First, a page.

Ripshin Farm
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Ripshin Farm
Ripshin Farm
Ripshin house from southwest.jpg
Front and western side
Ripshin Farm is located in Virginia
Ripshin Farm
Ripshin Farm is located in the US
Ripshin Farm
LocationNear the junction of Ripshin and Laurel Creek Roads, near Troutdale, Virginia
Coordinates36°41?53?N 81°24?26?W / 36.69806°N 81.40722°W / 36.69806; -81.40722Coordinates: 36°41?53?N 81°24?26?W / 36.69806°N 81.40722°W / 36.69806; -81.40722
Area76 acres (31 ha)
Built1925 (1925)
ArchitectWilliam Spratling
NRHP reference #71000979
VLR #038-0008
Significant dates
Added to NRHPSeptember 22, 1971[2]
Designated NHLNovember 11, 1971[3]
Designated VLRMarch 2, 1971[1]

Ripshin Farm, also known as the Sherwood Anderson Farm is a historic farm property at the junction of Routes 603 and 732 near Troutdale, Virginia, United States. It was developed as a summer home and later year-round home by writer Sherwood Anderson (1876-1941), and is where he wrote most of his later works. It was declared a National Historic Landmark in 1971.[3][4]

Description and history

Ripshin Farm is located in a rural setting in Virginia's southwestern hills, east of the village of Troutdale. It is set on a rise overlooking the confluence of Ripshin and Lauren Creeks, and is accessed by a long drive on the east side of Route 603 north of its junction with Route 732. The property consists of 76 acres (31 ha), much of which is wooded, but with views cleared to the west. It includes the main house, two small guest cottages, and a log cabin in which Anderson did his writing. The main house is 1-1/2 stories in height, with a central section of fieldstone flanked by log wings.[4]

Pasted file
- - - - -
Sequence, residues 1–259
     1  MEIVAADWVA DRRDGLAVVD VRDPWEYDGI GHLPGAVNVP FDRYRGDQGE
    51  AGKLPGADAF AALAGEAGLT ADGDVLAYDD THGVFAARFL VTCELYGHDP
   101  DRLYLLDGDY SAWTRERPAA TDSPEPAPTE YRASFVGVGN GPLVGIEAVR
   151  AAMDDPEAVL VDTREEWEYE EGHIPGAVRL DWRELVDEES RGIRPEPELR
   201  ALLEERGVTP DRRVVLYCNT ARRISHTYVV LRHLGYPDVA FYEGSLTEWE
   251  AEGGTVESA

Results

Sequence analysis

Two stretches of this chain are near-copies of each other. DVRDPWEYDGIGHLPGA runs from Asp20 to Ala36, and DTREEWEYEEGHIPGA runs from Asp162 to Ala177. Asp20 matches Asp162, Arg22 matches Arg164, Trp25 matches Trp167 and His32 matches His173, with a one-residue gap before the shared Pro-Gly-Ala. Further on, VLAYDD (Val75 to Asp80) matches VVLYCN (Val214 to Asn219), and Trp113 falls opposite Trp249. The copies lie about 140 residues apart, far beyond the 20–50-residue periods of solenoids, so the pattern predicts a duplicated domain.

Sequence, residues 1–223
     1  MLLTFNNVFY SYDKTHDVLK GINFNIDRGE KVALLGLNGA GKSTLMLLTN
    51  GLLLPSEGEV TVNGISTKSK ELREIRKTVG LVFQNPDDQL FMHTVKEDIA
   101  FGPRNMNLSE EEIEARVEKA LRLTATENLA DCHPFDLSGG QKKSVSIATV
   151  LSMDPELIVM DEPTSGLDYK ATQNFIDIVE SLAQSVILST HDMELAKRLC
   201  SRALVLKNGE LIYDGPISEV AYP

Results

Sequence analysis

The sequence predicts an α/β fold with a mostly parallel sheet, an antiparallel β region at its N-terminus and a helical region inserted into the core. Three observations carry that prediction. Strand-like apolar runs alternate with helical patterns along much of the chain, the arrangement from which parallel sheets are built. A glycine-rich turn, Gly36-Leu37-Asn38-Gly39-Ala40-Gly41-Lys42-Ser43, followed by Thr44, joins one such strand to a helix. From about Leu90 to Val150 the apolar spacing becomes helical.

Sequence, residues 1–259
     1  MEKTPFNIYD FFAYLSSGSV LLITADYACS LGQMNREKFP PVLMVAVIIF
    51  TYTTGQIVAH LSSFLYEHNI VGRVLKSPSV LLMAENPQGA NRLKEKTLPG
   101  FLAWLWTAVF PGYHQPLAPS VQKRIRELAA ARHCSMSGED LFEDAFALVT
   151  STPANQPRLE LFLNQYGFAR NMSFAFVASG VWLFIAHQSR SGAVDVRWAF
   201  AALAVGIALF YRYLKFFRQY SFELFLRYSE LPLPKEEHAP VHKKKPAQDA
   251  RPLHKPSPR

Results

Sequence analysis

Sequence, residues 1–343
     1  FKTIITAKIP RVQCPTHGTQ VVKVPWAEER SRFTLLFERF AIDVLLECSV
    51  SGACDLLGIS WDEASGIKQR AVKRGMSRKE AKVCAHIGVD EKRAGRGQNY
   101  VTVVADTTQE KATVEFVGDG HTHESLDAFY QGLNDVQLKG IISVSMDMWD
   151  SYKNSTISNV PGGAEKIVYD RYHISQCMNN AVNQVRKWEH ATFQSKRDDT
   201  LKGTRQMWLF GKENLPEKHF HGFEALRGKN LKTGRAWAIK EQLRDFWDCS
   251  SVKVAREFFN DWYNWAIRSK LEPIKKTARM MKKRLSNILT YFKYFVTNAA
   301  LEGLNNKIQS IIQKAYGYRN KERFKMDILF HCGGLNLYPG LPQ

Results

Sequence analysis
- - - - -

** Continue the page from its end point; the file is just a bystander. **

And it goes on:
The property was a small farm when Sherwood Anderson purchased it in 1925. He at first lived in a log cabin on the site, while the house was under construction. It would serve as his home and principal writing location until his death in 1941. Anderson was one of the first writers of his time to create candid depictions of the sometimes gritty aspects of life, and for his frankly self-revealing works. He was acknowledged as a major influence on a generation of writers, including William Faulkner, Stephen Vincent Benet and Eudora Welty. His most popular work, Dark Laughter, was completed here in 1925.[4]

See also


  1. ^ "Virginia Landmarks Register". Virginia Department of Historic Resources. Retrieved 2013.
  2. ^ National Park Service (2007-01-23). "National Register Information System". National Register of Historic Places. National Park Service.
  3. ^ a b "Ripshin Farm". National Historic Landmark summary listing. National Park Service. Archived from the original on 2011-06-06. Retrieved .
  4. ^ a b c Robert S. Gamble (June 21, 1971). "National Register of Historic Places Inventory-Nomination: Ripshin Farm / Sherwood Anderson Farm" (pdf). National Park Service. and Accompanying five photos, exterior, from 1970 and 1971 (32 KB)

External links

  This article uses material from the Wikipedia page available here. It is released under the Creative Commons Attribution-Share-Alike License 3.0.



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